Custom Protocol and Content Handlers in Opera 11.60

Custom Protocol and Content Handlers in Opera 11.60 beta

The Opera 11.60 alpha snapshot introduces support for HTML5 custom scheme and content handlers.

Not yet supported are the isProtocolHandlerRegistered, isContentHandlerRegistered, unregisterContentHandler, unregisterProtocolHandler methods which were added to the spec recently.

The idea is pretty simple. Your site can offer to handle certain MIME types or schemes (aka “protocols”) and the user has the option of opting in. One obvious use-case is webmail. For example, a service like or Gmail could tell your browser to open its "Compose" page if you click on a "mailto:" link rather than open a native mail application.

Of course, there are reasons why you wouldn’t want to pass off every type of content to a web-app—we want JavaScript and CSS to be handled by the browser, for example—so a blacklist exists. For security reasons, there's also a whitelist for schemes (but with the option to create a custom “web+” scheme).

Protocol Registration

navigator.registerProtocolHandler takes three arguments: the protocol, a URL which points to the custom handler application with a placeholder “%s”, and a title.

  "tel",                           //protocol
  "/protocolhandler.html?%s",      //handler
  "Telephony"                      //title

In a user-agent that supports this, the user will be prompted to allow this registration to happen. Here is how this currently looks in Opera 11.60 alpha:

Once that’s taken care of, all “tel:” links will have the opportunity to be handled by this “Telephony” app. For example: clicking on tel: 555-1234 brings up a dialog asking if you would like to open the link with the just-registered application, or the default.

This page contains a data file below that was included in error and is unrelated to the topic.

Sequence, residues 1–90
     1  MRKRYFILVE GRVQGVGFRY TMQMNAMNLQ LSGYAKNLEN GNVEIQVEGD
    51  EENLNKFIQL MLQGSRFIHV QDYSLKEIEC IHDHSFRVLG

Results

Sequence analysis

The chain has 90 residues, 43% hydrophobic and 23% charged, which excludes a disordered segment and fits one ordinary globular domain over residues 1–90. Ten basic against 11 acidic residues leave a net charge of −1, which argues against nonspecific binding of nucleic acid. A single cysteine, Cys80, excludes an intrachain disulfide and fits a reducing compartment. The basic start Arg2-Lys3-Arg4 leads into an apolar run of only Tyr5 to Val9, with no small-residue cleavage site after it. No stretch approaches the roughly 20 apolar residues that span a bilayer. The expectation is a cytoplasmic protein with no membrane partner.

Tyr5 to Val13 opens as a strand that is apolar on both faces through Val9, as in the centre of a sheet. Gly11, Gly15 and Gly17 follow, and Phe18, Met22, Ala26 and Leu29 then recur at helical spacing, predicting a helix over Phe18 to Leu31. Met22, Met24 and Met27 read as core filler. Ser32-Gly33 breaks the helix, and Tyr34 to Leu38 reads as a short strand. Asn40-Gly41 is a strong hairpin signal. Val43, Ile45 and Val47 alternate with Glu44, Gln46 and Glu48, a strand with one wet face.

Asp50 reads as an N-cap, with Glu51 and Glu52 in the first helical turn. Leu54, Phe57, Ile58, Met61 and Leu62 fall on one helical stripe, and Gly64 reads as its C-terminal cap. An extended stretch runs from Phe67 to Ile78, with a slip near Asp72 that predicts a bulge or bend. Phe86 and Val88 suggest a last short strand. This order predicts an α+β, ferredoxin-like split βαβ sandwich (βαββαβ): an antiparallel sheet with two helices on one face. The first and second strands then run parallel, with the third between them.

The browser then navigates to A script can then parse the URL and operate on the “tel%3A5551234” content (in this case, just put the phone number in the phone’s LED).

You can try it out here.

Content Registration

navigator.registerContentHanlder takes three arguments as well: the content-type, a URL which points to the custom content handler with a placeholder “%s”, and a title.

  "text/x-cheeseburger",                     //content-type
  "", //handler
  "Cheeseburger Parser"                      //title

Just like registerProtocolHandler, the user will be prompted to allow the content-type registration to happen.

In this example, we have a custom text/x-cheeseburger content-type parser (see the syntax diagram) to operate on our .cheeseburger files. When we download a resource with the text/x-cheeseburger content-type, our browser will ask us to allow it to open it with our custom handler.

Again, just like registerProtocolHandler, the application is opened with the “%s” placeholder replaced by the URL of resource to be handled. In this case, Now our script can fetch the contents and present it in a colorful way.

You can give it a spin here.